Tom Ross: Welcome to Blurb — the e-mail offer of a lifetime |

Tom Ross: Welcome to Blurb — the e-mail offer of a lifetime

Tom Ross

— We didn't receive a single phone call at my house from President Barack Obama this fall and that was just fine. Not that I wouldn't look forward to speaking with the president in person someday, but we dropped our land line just in time to avoid political robo calls.

Now I find myself increasingly bombarded by marketing messages from companies and organizations I maintain only a mild interest in. To sum up my feelings, if I ever find out who the guy is at Orbitz who keeps pitching me cut rate airfares to Rapid City, I'll send him into orbit.

The Orbitz man was in touch recently to let me know that I could fly from Salt Lake City to London roundtrip for $720. I guess that's a deal. But I'm not going to London — I don't speak the language.

On Nov. 9, I received an e-mail from the "Blurb Community." It read: "Welcome to Blurb."

Hey Bub, where is Blurb? Is Blurb a suburb of Burbank? Cut the blab.

I treasure my subscription to National Geographic magazine, but lately they've joined in the promotional e-mail onslaught. When I was careless enough to click on the Web link promoting their documentary, "Migrations," I found myself watching a video touting the performance of air bags in Honda automobiles. I had a vision of thousands of Accords bouncing across the Serengeti in tight formation — with their airbags exploding.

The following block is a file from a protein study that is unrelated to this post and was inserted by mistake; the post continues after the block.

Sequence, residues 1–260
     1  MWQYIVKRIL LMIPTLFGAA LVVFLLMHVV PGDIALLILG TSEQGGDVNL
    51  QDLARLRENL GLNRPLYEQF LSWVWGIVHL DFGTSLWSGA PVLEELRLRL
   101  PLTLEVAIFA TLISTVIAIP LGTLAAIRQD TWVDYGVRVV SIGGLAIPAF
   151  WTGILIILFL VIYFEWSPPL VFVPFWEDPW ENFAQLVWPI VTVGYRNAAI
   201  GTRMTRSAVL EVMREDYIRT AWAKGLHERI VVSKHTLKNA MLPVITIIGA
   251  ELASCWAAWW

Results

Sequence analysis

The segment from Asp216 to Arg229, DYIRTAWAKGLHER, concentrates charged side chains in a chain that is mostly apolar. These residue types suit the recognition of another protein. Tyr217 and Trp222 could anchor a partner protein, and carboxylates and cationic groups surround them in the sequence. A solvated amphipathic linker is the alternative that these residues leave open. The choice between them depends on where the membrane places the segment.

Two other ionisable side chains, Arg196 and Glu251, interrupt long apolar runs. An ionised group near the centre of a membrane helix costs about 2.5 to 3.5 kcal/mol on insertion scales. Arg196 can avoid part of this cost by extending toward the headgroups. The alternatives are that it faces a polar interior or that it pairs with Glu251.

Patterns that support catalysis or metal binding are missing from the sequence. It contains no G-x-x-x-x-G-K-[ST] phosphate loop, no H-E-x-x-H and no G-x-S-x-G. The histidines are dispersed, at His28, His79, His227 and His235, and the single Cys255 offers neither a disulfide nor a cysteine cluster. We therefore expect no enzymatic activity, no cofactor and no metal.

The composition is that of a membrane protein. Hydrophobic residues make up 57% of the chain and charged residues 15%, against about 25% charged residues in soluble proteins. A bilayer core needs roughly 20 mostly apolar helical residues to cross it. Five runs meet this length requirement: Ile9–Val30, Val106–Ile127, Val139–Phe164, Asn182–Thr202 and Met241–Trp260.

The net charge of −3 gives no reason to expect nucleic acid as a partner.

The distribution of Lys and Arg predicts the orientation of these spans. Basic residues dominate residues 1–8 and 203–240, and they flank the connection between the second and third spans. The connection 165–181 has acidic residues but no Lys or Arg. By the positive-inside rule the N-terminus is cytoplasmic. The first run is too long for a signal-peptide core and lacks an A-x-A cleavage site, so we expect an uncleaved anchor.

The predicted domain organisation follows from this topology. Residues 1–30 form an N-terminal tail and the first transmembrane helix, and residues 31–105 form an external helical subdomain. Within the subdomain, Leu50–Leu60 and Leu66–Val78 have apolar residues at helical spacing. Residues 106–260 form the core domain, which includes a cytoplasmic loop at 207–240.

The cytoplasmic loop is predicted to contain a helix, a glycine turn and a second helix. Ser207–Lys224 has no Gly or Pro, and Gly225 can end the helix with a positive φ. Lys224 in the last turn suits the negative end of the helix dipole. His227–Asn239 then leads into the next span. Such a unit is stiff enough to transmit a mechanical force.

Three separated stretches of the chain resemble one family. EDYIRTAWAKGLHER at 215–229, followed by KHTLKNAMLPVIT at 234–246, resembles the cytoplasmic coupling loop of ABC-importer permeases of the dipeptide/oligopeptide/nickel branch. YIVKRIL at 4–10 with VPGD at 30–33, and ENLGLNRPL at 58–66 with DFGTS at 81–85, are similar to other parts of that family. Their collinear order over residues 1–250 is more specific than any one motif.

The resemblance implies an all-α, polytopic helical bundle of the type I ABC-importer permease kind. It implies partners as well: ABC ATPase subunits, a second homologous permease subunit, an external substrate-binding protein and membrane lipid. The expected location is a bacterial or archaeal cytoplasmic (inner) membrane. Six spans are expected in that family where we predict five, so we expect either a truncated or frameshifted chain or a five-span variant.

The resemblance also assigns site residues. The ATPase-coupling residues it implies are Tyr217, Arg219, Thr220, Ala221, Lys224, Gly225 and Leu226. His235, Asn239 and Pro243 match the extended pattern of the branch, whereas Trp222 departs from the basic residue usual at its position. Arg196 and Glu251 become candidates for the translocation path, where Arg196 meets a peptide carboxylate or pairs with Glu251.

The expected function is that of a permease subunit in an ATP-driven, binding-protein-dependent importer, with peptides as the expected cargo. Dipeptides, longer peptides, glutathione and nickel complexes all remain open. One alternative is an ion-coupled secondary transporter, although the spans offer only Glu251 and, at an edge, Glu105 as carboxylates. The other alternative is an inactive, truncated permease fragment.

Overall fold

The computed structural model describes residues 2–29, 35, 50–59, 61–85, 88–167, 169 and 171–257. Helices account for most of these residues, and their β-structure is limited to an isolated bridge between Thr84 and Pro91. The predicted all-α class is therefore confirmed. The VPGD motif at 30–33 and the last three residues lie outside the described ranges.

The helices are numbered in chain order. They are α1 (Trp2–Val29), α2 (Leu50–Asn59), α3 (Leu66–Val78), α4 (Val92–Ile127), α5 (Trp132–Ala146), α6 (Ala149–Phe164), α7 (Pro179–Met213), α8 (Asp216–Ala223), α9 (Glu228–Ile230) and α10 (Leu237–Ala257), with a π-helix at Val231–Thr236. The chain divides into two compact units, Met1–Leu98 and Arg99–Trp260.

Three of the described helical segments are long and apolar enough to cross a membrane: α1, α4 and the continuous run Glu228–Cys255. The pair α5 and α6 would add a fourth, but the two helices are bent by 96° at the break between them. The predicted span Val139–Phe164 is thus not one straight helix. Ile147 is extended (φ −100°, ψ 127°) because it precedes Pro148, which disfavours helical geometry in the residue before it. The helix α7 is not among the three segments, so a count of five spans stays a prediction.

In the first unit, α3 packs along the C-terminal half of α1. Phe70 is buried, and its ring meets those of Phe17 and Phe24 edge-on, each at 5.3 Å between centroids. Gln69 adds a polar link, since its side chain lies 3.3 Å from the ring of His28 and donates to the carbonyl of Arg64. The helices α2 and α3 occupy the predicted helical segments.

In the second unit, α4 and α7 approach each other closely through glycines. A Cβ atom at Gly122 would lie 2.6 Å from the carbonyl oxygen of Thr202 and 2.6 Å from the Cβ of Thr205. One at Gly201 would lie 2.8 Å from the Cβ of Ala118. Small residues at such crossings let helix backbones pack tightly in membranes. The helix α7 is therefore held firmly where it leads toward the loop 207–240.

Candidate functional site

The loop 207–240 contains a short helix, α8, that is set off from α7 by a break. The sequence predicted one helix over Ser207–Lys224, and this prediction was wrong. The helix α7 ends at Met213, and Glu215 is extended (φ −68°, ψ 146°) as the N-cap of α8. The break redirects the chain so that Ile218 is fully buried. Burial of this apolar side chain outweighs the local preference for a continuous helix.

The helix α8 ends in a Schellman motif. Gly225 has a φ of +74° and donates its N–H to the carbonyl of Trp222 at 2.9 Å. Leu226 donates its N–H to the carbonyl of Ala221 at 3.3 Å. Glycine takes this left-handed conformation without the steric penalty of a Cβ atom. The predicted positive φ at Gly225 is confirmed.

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I quickly migrated to another Web page.

I subscribe to Men's Journal magazine because I enjoy their pieces on adventure travel, but their never-ending articles about $5,000 wristwatches give me an inferiority complex. Now they are sending me e-mails to make it easier for me to purchase Gore-Tex jackets from a company called Arc'teryx. The company is named after a crusty little fossilized bird. It's their logo.

The next subscription notice from Men's Journal might sit on the side table until it turns to stone.

My friends at The Denver Post got in touch recently to offer me the daily deal. I have just two days, six hours, 41 minutes and 23 seconds to purchase discounted tickets to the Rocky Mountain Toy Train Show. They're willing to send me tickets to see the Little Engine That Could for $17 instead of the usual $32. I think I can, I think I can, I think I can pass that offer up.

A company called Animoto that helps people make short Web films from their still photographs just invited me to link to their blog, cleverly called Animojo. The sales pitch went just like this:

"Animojo. The secret sauce behind Animoto. Rich, full-bodied, with just a hint of nutmeg — and now for the first time, packaged for general consumption!"


I think I'll stick with chipotle Tabasco sauce if it's all the same to you, Animojo.

Finally, just today, I received a commercial e-mail with a message I could embrace. Sirius/XM radio wants me to know I have a date with the Boss.

On Monday, Bruce Spring­steen will host a live call-in show on E Street Radio in advance of the release of his new album, "The Promise."

And the Boss is going take questions from regular guys like me.

Hey Bruce, you know that song "Atlantic City"? The one with the lyric that goes like this?

"Everything dies, baby, that's a fact

But maybe everything that dies someday comes back

Put your makeup on fix your hair up pretty and meet me tonight in Atlantic City."

Boss, is that an A minor chord or an E minor chord in there? I thought so. Thanks Boss. No, I won't try to e-mail you.

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